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Two employee types you need to plan a healthy workplace around

April 2, 2018
People make the decision to be active – or not – for a variety of reasons. Jordan Cieciwa, a kinesiologist, workplace wellness consultant and founder of One Fit City, says this spectrum of motivations means any workplace that wants to be healthier first needs to get creative.
“We have trouble reaching the people who need it most,” said Cieciwa, “It’s easy to motivate competitive people, but not everyone is motivated by challenges.”

Generally, there are two primary types of motivation – Intrinsic and extrinsic.

Intrinsic is internal. These people are motivated by their values and personal goals. They’re encouraged by their own development. Intrinsics might like to host group walks to build in a social component while staying focussed on an activity they enjoy.

Extrinsic is, you guessed it, external. These people are motivated by awards, cheering, and being acknowledged. Extrinsics might like to join a company-wide challenge where winning will come with a prize.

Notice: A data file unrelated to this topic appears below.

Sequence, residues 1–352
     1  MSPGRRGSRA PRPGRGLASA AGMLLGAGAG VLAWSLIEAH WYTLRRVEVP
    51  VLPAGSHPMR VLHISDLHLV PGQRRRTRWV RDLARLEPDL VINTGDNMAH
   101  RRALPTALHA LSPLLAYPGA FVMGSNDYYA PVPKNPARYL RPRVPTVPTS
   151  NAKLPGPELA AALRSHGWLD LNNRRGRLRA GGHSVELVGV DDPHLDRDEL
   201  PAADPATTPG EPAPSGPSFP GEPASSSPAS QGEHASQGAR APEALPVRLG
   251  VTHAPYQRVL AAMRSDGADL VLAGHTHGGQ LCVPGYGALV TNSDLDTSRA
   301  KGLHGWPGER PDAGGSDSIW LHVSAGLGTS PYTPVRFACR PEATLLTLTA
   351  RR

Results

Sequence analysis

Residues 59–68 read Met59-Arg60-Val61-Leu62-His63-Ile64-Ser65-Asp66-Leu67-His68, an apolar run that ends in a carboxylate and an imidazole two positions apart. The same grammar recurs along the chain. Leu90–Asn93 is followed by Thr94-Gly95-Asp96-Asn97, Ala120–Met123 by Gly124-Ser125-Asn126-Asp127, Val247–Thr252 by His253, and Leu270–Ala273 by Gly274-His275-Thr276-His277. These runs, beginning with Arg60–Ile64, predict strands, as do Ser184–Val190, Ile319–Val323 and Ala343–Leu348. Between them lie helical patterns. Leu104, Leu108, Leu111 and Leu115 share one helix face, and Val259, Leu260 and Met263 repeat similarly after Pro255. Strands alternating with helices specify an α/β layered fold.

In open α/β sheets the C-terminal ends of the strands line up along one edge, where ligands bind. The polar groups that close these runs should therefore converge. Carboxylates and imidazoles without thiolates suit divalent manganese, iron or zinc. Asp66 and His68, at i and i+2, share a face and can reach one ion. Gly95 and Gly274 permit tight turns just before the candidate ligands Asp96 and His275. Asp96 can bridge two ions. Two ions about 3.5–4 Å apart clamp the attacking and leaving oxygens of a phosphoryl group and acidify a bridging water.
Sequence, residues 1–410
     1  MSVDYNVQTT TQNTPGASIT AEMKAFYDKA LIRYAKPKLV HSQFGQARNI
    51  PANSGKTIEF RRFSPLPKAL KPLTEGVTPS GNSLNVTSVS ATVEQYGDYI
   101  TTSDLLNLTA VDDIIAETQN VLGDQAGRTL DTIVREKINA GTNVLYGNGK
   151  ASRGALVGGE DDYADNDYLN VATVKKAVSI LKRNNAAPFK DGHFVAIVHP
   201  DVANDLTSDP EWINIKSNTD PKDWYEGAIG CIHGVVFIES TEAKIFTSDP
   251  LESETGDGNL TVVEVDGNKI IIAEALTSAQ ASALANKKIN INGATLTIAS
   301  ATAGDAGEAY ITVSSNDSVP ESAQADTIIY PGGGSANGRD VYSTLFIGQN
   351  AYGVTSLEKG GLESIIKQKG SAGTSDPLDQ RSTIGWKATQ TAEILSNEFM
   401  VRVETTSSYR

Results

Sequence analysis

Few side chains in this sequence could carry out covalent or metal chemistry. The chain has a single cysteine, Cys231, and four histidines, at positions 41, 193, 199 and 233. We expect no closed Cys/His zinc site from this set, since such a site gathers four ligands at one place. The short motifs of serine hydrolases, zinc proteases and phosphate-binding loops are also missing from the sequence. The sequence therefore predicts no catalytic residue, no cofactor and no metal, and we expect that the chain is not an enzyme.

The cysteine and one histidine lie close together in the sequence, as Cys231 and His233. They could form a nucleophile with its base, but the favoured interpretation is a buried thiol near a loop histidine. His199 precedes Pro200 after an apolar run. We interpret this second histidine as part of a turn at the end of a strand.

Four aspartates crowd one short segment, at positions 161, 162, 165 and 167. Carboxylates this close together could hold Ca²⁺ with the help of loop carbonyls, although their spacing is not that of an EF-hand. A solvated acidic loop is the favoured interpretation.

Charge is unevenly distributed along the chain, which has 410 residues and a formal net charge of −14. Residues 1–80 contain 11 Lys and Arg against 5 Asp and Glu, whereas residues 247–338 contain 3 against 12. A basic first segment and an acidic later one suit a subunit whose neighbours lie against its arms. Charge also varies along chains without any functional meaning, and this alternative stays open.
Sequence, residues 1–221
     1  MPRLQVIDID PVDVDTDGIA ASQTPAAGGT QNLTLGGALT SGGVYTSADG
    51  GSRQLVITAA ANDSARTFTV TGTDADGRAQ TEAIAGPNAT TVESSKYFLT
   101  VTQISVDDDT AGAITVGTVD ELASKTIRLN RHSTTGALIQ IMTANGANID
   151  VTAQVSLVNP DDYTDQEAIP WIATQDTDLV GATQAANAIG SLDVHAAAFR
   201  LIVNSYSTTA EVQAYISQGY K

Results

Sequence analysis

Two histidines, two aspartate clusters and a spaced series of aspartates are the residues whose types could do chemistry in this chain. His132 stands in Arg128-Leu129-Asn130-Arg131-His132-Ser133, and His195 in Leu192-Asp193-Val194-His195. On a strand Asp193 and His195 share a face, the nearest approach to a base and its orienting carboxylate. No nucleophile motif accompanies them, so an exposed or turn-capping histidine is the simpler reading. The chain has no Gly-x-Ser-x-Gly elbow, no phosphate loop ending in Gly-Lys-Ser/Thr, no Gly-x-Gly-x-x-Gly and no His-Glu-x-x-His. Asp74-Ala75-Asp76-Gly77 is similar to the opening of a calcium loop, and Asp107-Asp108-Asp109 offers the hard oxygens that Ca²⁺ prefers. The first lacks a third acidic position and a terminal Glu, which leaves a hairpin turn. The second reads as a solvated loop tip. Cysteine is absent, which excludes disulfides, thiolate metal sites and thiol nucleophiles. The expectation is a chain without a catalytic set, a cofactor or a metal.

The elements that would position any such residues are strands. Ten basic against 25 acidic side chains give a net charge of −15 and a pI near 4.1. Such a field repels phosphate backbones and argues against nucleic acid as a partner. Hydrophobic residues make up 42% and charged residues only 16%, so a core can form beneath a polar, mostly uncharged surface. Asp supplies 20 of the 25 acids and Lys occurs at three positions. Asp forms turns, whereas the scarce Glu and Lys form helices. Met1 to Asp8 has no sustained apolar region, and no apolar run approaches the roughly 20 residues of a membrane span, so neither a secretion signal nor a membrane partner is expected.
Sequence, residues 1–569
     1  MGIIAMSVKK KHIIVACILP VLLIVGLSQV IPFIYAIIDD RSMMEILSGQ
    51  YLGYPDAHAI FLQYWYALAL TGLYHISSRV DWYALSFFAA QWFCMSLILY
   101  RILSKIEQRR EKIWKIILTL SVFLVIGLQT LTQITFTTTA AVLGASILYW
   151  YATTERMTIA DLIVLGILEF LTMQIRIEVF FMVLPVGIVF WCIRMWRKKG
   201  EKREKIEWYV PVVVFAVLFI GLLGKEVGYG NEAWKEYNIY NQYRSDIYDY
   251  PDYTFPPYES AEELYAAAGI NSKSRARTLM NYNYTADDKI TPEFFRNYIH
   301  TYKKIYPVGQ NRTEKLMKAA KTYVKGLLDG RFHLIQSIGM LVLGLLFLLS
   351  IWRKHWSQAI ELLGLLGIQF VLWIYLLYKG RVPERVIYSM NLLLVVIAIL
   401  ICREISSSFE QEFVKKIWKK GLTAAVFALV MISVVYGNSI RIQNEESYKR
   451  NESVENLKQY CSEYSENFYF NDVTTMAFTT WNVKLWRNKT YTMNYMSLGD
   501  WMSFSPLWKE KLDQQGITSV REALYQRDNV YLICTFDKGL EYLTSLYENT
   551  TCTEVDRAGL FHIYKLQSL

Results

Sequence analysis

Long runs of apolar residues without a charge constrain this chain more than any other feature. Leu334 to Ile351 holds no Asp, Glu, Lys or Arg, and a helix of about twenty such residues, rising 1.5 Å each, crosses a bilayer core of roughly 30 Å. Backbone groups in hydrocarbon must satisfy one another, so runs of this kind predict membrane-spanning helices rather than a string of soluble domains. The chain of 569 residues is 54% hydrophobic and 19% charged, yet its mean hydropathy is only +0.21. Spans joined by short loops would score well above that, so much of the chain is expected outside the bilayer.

Most people fall somewhere between these two extremes on the spectrum, so it’s good to have a variety of incentives to promote participation in activities. A leaderboard might be useful for many motivation types. It helps Intrinsics to set and gauge their personal goals. And, for Extrinsics, it can give them recognition.

Here are some nudge ideas for your workplace:

  • Put a sign in front of the elevator that points to the staircase and says “People are stairing”.
  • Hold a voluntary 15-minute recess, preferably outdoors, with a variety of activities.
  • Create a walking map that includes different routes and distances around the office.
  • Clean up the neighbourhood (provide plastic bags and gloves and, as a company, walk around and pick up trash and recycling in your area)

Further reading

A powerful way to promote physical activity and other elements of well-being is through the use of nudges. In their best-selling book, Nudge: Improving Decisions About Health, Wealth, and Happiness, Richard Thaler and Cass Sunstein popularized the idea of the nudge.

“A nudge, as we will use the term, is any aspect of the choice architecture that alters people’s behavior in a predictable way without forbidding any options or significantly changing their economic incentives. To count as a mere nudge, the intervention must be easy and cheap to avoid. Nudges are not mandates. Putting fruit at eye level counts as a nudge. Banning junk food does not.”